Wednesday, February 4, 2009

When you know it, you know it.

I was struggling to design the cover for a book of experimental poetry, In Ways Impossible to Fold, by Michael Rerick, that has been described as:

"Every idea in this book is a fold understanding how to increase area and flexibility within apparent confines (as in pop-up books). As scale shifts, large and small scale blossoming, the heart, the pulse—moments fold and unfold in a dance of patterns in which we and everything that exists participate, as impossible as that can seem. Consider how some folded material retains obvious memory of having been folded: creases, pleats—perhaps even when evidence is far more subtle, some evidence of having been folded imprints what has come together, every word marking mechanisms of encounter." --Thylias Moss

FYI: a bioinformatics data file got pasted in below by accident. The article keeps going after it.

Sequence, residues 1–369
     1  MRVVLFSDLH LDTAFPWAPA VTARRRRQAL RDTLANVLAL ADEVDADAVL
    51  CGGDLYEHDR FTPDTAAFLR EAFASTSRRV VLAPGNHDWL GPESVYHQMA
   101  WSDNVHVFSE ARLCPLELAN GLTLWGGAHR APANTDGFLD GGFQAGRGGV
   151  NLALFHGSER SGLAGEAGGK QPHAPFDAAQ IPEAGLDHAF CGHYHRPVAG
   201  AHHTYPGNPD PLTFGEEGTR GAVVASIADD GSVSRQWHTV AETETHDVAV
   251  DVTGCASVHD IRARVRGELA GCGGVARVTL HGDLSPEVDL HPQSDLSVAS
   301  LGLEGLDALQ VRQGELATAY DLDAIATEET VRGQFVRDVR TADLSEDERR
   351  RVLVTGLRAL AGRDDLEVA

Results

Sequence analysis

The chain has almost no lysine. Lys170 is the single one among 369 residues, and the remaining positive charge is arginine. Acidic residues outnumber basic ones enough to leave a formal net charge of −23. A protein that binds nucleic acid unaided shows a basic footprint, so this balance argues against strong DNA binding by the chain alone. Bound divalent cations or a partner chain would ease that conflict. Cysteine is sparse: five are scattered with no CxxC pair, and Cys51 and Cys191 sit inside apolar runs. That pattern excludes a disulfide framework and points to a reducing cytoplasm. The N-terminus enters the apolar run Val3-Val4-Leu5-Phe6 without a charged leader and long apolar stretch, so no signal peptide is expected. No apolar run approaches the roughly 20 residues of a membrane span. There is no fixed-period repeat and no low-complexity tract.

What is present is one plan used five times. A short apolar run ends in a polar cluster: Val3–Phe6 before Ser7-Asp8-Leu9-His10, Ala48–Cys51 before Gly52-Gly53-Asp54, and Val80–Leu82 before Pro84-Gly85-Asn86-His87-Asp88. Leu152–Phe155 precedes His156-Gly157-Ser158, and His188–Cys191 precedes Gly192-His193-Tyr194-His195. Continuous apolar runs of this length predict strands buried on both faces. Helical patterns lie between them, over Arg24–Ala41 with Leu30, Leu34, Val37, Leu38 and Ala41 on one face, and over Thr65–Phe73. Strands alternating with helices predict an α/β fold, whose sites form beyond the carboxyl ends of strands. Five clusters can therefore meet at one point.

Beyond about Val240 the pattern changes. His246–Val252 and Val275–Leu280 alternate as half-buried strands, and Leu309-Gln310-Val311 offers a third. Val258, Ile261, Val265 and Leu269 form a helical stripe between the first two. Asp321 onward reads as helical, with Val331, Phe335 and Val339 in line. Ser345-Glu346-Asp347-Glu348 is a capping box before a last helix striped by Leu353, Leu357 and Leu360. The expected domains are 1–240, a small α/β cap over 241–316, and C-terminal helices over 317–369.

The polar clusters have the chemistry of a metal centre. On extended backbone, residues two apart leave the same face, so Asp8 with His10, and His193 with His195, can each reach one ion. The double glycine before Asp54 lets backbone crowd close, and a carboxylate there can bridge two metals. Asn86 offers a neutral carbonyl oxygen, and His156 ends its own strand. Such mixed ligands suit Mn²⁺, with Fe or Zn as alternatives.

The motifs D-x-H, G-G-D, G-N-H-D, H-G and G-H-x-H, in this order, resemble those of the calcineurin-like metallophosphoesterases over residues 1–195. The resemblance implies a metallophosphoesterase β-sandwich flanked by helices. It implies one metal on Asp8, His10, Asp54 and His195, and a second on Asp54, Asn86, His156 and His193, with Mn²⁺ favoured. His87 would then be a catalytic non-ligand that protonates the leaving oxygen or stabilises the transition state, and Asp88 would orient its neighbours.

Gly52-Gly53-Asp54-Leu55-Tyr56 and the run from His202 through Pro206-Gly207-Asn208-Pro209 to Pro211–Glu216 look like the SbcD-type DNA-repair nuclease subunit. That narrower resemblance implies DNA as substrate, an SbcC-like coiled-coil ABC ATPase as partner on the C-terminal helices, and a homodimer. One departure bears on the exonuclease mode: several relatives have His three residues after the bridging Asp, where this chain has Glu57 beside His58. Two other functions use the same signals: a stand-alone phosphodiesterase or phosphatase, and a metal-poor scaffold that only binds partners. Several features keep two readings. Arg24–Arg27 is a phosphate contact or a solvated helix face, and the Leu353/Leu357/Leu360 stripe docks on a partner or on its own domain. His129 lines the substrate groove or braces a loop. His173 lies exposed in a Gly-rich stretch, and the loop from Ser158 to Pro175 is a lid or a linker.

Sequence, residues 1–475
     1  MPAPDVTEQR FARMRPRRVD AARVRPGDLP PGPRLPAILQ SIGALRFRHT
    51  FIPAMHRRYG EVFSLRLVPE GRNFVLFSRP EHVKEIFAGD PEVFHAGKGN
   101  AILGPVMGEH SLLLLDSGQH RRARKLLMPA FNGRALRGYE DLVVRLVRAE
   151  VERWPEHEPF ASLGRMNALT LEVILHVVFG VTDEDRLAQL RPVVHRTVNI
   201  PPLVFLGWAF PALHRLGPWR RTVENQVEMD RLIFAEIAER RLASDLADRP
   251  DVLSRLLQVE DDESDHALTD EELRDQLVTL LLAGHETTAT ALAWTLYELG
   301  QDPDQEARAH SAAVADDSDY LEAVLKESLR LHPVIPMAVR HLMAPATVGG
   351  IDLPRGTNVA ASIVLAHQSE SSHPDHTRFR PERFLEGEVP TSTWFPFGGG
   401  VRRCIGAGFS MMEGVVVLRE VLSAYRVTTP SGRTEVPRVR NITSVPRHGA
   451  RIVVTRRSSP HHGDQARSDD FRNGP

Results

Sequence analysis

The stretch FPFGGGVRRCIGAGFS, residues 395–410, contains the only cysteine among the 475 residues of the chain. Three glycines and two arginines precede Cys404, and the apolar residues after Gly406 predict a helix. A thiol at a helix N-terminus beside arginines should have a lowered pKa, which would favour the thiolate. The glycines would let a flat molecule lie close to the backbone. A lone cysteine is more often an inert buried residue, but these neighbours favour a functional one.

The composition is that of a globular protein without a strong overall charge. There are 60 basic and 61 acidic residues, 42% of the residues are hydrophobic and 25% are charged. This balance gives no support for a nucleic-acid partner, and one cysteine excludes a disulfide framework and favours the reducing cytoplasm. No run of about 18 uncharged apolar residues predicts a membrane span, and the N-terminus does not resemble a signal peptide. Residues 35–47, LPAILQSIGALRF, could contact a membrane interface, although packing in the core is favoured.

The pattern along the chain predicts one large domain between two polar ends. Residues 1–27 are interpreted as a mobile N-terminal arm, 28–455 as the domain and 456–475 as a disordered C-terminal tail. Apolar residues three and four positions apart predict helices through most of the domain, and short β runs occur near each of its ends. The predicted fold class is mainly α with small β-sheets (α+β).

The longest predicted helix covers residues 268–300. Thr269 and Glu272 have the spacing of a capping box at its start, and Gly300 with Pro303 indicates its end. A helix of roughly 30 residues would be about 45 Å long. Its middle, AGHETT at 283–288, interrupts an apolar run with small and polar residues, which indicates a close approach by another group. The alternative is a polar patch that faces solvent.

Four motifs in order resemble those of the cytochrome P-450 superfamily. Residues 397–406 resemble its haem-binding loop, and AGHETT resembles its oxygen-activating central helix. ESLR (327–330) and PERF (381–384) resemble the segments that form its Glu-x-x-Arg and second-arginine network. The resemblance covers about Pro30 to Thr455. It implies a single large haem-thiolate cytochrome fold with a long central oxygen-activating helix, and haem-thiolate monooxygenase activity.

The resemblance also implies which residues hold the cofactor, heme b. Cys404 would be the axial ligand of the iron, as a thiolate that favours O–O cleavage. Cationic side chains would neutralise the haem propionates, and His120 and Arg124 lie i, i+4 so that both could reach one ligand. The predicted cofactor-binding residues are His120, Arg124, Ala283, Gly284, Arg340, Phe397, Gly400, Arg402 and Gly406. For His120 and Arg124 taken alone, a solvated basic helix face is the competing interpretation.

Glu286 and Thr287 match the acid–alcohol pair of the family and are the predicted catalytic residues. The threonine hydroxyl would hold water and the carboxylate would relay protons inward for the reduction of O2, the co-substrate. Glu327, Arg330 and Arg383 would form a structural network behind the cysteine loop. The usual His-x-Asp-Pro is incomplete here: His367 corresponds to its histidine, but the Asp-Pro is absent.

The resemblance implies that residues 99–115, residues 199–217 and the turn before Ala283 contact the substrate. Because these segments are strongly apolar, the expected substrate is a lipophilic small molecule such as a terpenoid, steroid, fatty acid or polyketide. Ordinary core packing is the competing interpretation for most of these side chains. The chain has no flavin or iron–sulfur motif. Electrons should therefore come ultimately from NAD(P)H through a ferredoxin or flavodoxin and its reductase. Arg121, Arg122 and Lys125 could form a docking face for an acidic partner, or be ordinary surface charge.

So how do you illustrate that?

I looked at photos of origami, of folded paper art, of modern art light and shadow abstracts, of close ups of accordions, dancers, and at buildings mid-demolition blast. None of them got the feeling. Then when I was perusing deeply buried pages in Shaun Tan's website I found this astonishing painting that was an assemblage of found objects, including a locomotive engine formed from flattened tin cans and in the tin was painted the landscape behind the viewer. This was it! Talk about art folded into art folded into the stuff of the world. Luckily, Tan gave permission to use his painting. Here it is. I am glad to say the poet likes it. Whew.

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